The Egyptian stock exchange said trading will resume Sunday, while massive protests that have roiled the country for the past two weeks panicked investors and pushed the country's currency to near six-year lows.
Also Monday, the government also drew offers on 13 billion Egyptian pounds ($2.2 billion) in Treasury bills — a bid to raise cash that many analysts and economists predicted would attract only domestic buyers. The Central Bank had originally intended on offering 15 billion pounds in a variety of three, six and nine months bills aimed at shoring up support for the financial sector a day after banks reopened.
The banks had been closed for a week amid the demonstrations demanding President Hosni Mubarak's ouster. The protests, which saw tens of thousands of people massing in downtown Cairo for demonstrations that at times turned violent, have raised questions about the impact on the economy.
By reducing the T-bill offer, Central Bank officials "are reducing market expectations, and if they meet those expectations, they will look very good," said John Sfakianakis, chief economist at the Riyadh, Saudi Arabia-based Banque Saudi Fransi.
The sale was part of the government's attempt at restoring a semblance of normalcy in Egypt while mitigating the potential financial and economic fallout from the unrest that has caused tens of thousands of tourists to flee the country.
Dubai-based brokerage Exotix Ltd. said 7 billion pounds in 3 month Treasury bills were sold, with an average yield of 10.972 percent; 4 billion pounds in 6 months bills were accepted with an average yield of 11.484 percent and 2 billion pounds in 9 month bills were accepted with an average yield of 11.657 percent.
The issue was successful seeing as it came in below 12 percent, Ahmad Alanani, Exotix's director of Mideast fixed income sales, said in an e-mail, adding that it reflected a "vote of confidence from local banks."
"A successful auction of this size taken up by local banks would send all the right signals that the Egyptian debt markets are back in business," he said.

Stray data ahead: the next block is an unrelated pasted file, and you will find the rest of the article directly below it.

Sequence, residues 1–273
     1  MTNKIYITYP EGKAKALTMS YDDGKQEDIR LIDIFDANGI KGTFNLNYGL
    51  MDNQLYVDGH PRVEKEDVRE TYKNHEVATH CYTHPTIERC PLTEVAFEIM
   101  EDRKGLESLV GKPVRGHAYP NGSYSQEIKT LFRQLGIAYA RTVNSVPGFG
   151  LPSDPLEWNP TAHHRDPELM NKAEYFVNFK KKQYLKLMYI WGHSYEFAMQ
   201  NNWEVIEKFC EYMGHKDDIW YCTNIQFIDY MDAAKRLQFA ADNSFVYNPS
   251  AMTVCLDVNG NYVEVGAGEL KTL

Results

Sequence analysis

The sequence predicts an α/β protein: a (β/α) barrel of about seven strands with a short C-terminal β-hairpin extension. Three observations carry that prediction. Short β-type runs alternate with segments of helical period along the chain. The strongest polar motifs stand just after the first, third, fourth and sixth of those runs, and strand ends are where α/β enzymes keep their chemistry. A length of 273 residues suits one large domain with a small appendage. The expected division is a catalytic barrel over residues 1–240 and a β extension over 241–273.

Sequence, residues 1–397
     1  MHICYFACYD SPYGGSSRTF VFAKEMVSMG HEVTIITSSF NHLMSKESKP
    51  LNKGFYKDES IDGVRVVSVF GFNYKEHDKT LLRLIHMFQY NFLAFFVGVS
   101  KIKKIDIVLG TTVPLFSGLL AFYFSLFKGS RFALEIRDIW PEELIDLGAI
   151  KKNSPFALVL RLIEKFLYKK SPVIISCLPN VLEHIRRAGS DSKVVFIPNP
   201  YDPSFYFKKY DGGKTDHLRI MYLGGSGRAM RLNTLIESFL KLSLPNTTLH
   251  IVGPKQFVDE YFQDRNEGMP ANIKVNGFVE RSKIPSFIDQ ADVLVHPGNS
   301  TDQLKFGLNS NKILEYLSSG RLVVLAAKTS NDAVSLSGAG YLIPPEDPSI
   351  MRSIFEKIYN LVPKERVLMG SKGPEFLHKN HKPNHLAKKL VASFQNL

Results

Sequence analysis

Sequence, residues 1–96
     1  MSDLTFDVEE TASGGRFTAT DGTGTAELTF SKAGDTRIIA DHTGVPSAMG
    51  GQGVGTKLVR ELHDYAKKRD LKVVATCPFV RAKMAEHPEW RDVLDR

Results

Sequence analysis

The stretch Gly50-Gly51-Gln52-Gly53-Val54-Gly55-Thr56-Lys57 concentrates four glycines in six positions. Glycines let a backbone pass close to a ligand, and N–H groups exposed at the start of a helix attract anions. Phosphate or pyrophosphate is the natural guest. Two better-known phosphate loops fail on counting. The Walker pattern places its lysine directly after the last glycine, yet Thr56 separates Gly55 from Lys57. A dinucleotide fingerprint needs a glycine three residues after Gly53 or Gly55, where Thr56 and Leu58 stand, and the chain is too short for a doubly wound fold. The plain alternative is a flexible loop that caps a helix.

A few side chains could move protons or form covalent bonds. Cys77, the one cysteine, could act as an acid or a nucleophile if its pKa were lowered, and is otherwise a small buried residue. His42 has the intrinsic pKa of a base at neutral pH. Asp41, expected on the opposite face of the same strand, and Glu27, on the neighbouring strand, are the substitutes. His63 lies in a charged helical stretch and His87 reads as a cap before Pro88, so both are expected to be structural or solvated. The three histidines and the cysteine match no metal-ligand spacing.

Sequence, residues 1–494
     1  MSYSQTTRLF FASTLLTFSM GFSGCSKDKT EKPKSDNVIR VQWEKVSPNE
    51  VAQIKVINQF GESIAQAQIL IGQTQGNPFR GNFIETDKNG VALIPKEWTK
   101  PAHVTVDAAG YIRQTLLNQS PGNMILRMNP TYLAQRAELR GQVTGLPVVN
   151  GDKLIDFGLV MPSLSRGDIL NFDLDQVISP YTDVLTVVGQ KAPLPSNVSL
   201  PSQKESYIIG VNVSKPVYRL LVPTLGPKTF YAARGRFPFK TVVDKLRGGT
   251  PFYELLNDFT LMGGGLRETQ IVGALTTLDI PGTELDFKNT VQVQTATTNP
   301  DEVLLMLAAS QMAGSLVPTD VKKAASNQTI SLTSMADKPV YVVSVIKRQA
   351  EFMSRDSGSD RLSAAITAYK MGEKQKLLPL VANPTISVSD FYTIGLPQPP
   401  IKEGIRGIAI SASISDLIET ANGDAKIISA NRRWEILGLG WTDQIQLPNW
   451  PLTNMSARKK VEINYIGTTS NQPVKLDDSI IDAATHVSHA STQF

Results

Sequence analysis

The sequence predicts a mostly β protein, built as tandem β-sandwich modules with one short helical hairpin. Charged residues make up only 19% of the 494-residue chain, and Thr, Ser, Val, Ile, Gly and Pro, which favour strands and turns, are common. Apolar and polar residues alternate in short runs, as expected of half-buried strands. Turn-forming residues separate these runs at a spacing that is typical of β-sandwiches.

The Egyptian Exchange said Monday it had "taken the necessary steps to ensure orderly operations" for brokers and other companies in the exchange, and it promised to announce details of the changes and measures to be implemented later. The market saw its benchmark index plummet about 17 percent in two days of trading before the market closed on Jan. 27.
Analysts and brokers have been worried that the unrest would result in a massive sell-off as investors fled the market. The delay in the restart of the bourse's operations for a week after banks reopened appears to be part of an effort by officials to test investors' resolve and allow some time to pass to cool fears.
Those fears appear to be well founded.
A day after banks reopened on an abbreviated schedule following a weeklong closure, the Egyptian pound sank against the U.S. dollar, approaching near January 2005 lows. The pound stood at about 5.9540 to the dollar. It had been trading at about 5.84 for much of last week, and economists expected the test would come at the 6 to 6.1 pound to the dollar level.
Analysts have predicted it could drop as much as 25 percent in the short-term, a level that would put it at weaker than 7 pounds to the dollar.
International ratings agency Moody's Investors Service said it expects pressure on the Egyptian pound's exchange rate because of the conversion of local currency deposits to foreign currency deposits as the banks reopen.
"The flow will mainly come from foreign investors and high net-worth local depositors, and is likely to diminish the (Central Bank's) foreign currency reserves its capacity to support the banking system's overall foreign currency obligations," Moody's said in a report released Monday.
"Sustained demand to either withdraw or convert deposits into foreign currency is a key heightened risk for Egyptian banks' liquidity positions," Moody's said.
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